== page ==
A: We love just how we can show off a very simple use of digital technology. A lot of dentists look at scanning and ask, “Is it really going to change my practice?” The answer is yes. With the number of products coming online, it really starts with the scanning. It gets people back into the dentists’ office. In particular, you should buy mouthguards from a dentist. Protecting teeth should be through your dentist. That’s a great utilization of digital technology.

Better Angulation Gives Celebrities Their Winning Smiles

Philosophers have been debating the definition of beauty since the dawn of time dental vibrator. But clinicians who deal with patients demanding a better smile need more data and less poetry to succeed. Researchers recently responded by exploring whether deviations in the angulation discrepancy between the intercanine line, which connects the tips of the canines, and the interpupillary line, which connects the pupils of both eyes, significantly affect attractiveness.

“Even from ancient Greece, symmetry and parallelism were considered significant for the perception of attractiveness. In this context, symmetry and parallelism have played a crucial role in both arts and science ever since,” said Dr Dental Chair. Vasiliki P. Koidou of the Advanced Education Program in Periodontology at the University of Minnesota School of Dentistry, and one of the study’s 3 authors.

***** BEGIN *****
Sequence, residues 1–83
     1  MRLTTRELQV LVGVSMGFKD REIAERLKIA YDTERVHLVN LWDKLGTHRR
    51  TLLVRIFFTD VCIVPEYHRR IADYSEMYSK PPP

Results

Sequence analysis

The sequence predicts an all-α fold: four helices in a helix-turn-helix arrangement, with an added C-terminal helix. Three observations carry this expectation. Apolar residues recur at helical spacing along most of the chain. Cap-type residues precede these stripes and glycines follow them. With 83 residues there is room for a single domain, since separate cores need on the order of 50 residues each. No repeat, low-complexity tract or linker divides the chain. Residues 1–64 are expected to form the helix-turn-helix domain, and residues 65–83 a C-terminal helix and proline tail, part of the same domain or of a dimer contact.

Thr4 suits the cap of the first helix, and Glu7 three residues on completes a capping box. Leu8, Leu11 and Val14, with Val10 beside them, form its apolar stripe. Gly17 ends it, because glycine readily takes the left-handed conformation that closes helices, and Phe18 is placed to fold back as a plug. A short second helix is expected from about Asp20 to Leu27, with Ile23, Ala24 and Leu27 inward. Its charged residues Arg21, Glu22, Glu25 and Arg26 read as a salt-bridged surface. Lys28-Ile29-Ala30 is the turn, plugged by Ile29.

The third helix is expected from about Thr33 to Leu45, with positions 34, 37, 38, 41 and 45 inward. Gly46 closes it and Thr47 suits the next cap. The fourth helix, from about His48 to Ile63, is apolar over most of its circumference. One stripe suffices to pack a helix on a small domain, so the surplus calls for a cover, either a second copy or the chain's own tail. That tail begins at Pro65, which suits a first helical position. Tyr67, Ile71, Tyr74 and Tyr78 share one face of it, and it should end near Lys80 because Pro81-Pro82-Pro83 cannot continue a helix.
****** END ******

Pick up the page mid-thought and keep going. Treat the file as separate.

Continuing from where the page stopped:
The researchers examined the presence of parallelism between those 2 facial lines in a sample of celebrities and of otherwise average subjects. Their work began with an Internet search for “best smile” and “celebrity” that identified 108 well known people, including Halle Berry, Julia Roberts, Angelina Jolie, Scarlett Johansson, Harrison Ford, and George Clooney. Dental students were used as a control group.

Next, the researchers selected photographs of 94 of these stars (62 women and 32 men) smiling within 10 degrees of a frontal view, along with photographs of 97 dental students (54 women, 43 men), examining them through Adobe Photoshop. The celebrities had smaller mean angulation discrepancies, with an average of 0.97 degrees, than the dental students, who averaged 1.33 degrees. The differences between men and women were not statistically significant.